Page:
On my recent trip to Paducah, I purchased fabric to do a six patch stack--it is crazy fabric with all kinds of brightly colored lizards and tree frogs!  I can't wait to start sewing those awesome blocks together.  It's not on my "to finish" list before February but it will definitely be on my list for 2015!

Thursday, September 11, 2014

My First Block Exchange Inspired by Liz Porter

Neapolitan by Liz Porter 
   On July 14th, I saw an episode of Fons and Porter's Love of Quilting that inspired me to try something I had never tried before...a block exchange. Yikes!  Liz Porter's directions from the website made it much simpler than if I would have had to figure out all the details by myself.  I absolutely loved the pink and brown quilts from the program that were made from the 100 little
4 1/2 inch churn dash blocks.  Liz had a group of 10 people who each made 10 sets of 10 blocks.  I decided to shoot for that number.
  To start, I issued an invitation to over 200 people in one simple post on a facebook group that includes quilters from all over, but mostly from Nebraska and Iowa.  From that invitation, I got an "I'm in" from 8 ladies.  I then asked a couple of my good friends from my guild, and got two more.  That made a happy little group of 11 ladies.  I decided that 100 was still a good number of blocks, so we will each make 11 sets of 9 plus one extra little block for ourselves.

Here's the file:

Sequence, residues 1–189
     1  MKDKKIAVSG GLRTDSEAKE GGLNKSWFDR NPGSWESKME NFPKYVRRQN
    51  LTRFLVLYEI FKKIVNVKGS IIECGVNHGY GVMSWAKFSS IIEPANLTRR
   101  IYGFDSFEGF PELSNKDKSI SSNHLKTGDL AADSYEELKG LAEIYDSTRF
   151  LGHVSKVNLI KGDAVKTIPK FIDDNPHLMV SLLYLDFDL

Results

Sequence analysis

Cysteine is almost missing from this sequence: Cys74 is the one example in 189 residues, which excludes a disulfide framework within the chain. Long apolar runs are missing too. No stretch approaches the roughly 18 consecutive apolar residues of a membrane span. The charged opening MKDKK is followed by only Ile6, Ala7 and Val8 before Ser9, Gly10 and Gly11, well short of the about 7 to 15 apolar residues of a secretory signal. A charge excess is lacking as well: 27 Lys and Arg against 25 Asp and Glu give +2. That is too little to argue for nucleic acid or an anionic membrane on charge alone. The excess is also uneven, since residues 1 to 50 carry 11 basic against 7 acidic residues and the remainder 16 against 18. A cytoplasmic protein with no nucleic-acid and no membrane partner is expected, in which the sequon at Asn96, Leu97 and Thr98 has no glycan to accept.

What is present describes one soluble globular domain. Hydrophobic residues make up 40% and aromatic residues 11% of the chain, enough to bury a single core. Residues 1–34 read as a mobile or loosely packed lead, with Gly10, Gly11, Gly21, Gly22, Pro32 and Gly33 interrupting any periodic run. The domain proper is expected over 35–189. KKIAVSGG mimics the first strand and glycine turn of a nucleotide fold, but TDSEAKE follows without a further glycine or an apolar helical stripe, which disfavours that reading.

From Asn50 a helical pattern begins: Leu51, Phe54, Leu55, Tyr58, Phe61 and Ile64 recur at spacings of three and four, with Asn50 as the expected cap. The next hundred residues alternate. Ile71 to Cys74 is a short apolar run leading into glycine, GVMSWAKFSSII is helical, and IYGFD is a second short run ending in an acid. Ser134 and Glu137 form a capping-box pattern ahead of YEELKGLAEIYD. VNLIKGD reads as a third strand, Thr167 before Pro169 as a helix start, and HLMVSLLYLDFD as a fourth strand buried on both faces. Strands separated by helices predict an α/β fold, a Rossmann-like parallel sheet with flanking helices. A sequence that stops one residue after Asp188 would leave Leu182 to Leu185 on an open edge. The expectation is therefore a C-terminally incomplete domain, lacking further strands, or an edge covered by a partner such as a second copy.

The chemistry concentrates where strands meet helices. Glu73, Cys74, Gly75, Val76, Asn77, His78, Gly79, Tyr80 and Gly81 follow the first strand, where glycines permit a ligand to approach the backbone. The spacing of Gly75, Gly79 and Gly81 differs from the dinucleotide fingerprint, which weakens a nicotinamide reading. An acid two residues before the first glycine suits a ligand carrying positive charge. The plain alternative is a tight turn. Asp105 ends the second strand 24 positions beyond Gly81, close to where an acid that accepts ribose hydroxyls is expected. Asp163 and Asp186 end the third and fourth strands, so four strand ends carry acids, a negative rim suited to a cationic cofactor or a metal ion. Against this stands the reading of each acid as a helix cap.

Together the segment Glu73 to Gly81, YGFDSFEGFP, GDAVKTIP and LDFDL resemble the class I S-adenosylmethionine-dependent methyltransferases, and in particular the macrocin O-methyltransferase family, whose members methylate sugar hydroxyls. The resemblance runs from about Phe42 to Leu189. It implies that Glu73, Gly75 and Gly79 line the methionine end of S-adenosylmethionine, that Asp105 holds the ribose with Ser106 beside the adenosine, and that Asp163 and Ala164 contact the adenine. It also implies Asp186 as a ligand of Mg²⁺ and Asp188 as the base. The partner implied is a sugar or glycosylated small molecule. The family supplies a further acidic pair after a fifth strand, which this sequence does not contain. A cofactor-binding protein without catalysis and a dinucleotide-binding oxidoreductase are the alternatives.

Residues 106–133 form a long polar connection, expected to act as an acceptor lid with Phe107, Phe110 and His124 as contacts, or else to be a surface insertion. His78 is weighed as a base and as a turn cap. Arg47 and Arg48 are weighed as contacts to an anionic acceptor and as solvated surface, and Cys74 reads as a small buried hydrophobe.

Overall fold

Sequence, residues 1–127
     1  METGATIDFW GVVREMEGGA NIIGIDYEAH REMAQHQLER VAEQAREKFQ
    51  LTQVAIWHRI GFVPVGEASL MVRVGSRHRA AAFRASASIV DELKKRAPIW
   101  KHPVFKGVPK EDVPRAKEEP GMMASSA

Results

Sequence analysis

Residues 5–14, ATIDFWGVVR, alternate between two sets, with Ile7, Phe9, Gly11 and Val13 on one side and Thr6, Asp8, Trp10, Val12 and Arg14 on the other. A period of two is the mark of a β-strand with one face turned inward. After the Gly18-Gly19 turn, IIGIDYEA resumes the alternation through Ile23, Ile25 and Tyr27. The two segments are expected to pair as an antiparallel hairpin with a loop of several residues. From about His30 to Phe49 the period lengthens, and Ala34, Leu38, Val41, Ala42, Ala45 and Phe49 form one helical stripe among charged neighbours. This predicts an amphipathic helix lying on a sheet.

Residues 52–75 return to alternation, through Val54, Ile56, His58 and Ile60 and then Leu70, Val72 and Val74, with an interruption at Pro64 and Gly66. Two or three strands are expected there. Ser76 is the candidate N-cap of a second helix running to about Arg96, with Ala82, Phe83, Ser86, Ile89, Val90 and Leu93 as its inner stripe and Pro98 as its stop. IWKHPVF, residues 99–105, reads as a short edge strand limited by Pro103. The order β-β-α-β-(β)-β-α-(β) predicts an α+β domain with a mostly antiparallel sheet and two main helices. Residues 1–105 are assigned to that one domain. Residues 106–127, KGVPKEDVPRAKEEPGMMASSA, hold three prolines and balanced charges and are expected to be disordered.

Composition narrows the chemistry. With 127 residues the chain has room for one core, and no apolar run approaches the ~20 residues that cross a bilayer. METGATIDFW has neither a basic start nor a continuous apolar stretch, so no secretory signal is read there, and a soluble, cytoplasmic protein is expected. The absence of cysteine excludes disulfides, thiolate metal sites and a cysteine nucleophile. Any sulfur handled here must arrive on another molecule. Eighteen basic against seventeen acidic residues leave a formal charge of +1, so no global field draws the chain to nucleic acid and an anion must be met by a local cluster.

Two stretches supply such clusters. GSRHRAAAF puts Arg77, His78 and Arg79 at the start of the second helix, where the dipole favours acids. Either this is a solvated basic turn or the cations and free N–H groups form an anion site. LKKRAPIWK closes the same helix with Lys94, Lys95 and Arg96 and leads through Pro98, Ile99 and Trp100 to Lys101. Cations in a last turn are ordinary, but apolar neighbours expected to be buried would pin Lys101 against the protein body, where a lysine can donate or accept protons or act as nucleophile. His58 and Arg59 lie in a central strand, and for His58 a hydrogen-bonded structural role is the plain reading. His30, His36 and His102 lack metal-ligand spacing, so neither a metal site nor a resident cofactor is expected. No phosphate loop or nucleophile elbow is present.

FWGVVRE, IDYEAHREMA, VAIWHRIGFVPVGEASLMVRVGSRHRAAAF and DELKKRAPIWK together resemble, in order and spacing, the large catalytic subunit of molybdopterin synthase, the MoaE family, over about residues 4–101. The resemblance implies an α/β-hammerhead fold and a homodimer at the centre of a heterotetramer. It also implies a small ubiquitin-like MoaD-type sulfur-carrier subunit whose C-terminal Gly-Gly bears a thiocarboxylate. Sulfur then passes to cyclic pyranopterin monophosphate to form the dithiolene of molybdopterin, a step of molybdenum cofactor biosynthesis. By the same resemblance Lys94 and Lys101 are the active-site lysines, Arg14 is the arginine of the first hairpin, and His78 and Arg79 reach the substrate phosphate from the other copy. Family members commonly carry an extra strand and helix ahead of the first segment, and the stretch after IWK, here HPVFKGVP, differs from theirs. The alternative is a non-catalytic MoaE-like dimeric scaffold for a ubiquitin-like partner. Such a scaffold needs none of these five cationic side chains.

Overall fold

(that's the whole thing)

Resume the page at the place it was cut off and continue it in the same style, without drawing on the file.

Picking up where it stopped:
The final question was...what is a reasonable amount of time for people to make 100 little churn dash blocks?  We decided on 4 months, which makes it 25 per month.  So, our blocks are due on December 1.  So far, I have made 43 of my blocks.  They are soooo cute!  I am trying very hard to make sure that my blocks are consistent in size and have 1/4 inch allowance for the points on the corners.  They aren't perfect, but so far (thanks mostly to Triangles on a Roll!) they are all 5 inches, and, with a little encouragement, should be pretty easy to work with on the points.  At this point, I am still excited about the project and am trying to finish all of my block by the end of October, as I know from past experience that my longarm business really picks up in October and November for people who need Christmas gifts finished.  Hopefully, no later than this time next year, I will have a finished quilt to show you all.  I plan to set mine just like Liz Porter did hers because I absolutely love it!
  If you think this sounds like fun, just go to fonsandporter.com and search for the 2400 series and the show called Neapolitan.  All the information is there for you.  Find some willing friends, and create your own fun little exchange!